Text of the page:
posted by Hartham's Hugging Robots on Dec 11, 2011 - 20 comments

A Reluctant Enemy

"What a strange position I find myself in," [Yamamoto] wrote a friend, "having been assigned the mission diametrically opposed to my own personal opinion, with no choice but to push full speed in pursuance of that mission. Alas, is that fate?"

A brief account of how one of the biggest critics of Japan's war policy became the mastermind of the Pearl Harbor attacks. (SLNYT)
posted by swift on Dec 7, 2011 - 44 comments

In Japan, they farm like this; in American, they farm like that.

Japan's youth, unable to find jobs in the city, look to life on the farm. [more inside]
posted by asnider on Dec 1, 2011 - 36 comments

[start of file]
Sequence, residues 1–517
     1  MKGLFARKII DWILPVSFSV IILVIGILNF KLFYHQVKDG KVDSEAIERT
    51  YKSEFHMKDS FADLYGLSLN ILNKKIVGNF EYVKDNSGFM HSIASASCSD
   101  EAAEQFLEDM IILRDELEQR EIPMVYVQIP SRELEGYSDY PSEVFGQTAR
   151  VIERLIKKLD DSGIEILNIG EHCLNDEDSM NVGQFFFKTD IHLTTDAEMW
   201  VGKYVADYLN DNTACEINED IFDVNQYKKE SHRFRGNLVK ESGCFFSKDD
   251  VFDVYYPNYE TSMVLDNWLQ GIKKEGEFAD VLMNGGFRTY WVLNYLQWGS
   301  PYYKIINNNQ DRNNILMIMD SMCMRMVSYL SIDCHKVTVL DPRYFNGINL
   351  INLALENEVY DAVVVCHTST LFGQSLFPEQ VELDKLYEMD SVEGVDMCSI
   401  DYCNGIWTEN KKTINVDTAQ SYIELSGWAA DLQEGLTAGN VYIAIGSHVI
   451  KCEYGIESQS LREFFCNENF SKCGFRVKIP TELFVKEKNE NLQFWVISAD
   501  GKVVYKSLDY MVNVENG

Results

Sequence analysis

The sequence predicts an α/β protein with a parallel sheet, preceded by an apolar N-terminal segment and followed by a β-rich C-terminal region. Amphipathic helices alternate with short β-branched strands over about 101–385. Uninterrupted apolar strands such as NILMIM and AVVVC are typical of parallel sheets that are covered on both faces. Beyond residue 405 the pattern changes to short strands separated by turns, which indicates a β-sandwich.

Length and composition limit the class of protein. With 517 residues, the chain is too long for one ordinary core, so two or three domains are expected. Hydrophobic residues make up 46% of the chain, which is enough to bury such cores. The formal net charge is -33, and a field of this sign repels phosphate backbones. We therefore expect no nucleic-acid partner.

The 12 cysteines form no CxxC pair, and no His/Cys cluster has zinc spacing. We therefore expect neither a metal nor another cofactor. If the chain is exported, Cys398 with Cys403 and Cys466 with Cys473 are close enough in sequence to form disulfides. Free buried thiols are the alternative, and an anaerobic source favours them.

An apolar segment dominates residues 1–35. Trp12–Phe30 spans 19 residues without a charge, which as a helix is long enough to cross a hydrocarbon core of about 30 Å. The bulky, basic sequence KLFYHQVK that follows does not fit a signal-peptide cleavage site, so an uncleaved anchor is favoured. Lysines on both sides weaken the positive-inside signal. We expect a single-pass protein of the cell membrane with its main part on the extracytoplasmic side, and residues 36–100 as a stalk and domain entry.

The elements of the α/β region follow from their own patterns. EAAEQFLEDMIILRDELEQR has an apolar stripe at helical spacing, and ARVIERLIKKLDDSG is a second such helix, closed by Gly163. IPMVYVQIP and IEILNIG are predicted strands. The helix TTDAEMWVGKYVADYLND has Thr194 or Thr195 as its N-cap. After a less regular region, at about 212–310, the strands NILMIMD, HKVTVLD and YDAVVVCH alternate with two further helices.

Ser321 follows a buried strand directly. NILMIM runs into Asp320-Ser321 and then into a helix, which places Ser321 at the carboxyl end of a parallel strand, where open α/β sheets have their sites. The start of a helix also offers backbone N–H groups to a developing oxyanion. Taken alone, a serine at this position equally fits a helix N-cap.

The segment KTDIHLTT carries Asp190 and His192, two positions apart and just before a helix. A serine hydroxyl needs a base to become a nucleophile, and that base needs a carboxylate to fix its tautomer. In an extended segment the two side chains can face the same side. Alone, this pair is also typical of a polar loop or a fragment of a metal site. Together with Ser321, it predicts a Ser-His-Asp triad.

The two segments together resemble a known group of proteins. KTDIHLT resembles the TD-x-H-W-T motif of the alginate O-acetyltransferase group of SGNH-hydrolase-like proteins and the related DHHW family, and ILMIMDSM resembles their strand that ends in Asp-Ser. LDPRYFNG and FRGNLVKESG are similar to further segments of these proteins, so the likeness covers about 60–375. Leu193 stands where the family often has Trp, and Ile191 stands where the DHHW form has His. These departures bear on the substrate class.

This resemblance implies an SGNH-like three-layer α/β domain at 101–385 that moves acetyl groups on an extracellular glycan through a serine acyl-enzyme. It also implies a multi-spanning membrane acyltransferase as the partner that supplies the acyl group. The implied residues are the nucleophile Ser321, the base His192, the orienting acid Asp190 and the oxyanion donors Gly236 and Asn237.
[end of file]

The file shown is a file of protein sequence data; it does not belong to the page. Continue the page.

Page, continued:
The Emissaries of Cool Japan

The Great Shift in Japanese Pop Culture: Part 1, Part 2, Part 3, Part 4. [more inside]
posted by subdee on Nov 30, 2011 - 36 comments

Blackboard War

「こくせん ― 黒板戦争」(Blackboard War) is a homemade stop motion video created by some students (out of more than 2500 still photos) for their school's culture festival. There is also a sequel (made from more than 3000 photos this time).
posted by emmling on Nov 30, 2011 - 14 comments

Are Your Greetings Seasoned?

"I can’t even tell you how excited I was to finally see the cards that “killed my grandfather” and drove my family into extreme poverty. I actually think Haruo did a pretty good job interpreting my grandfather’s original sketch, considering the severely confusing nature of his drawing. It’s anybody’s guess as what my grandfather expected to get back, but needless to say it wasn’t this beautiful card." Bradwick J. McGinty III tells the story of the Japanese cut-away Santa cards from 1955, similar in style to the yōkai and kaiju illustrations seen previously. (via)
posted by filthy light thief on Nov 27, 2011 - 74 comments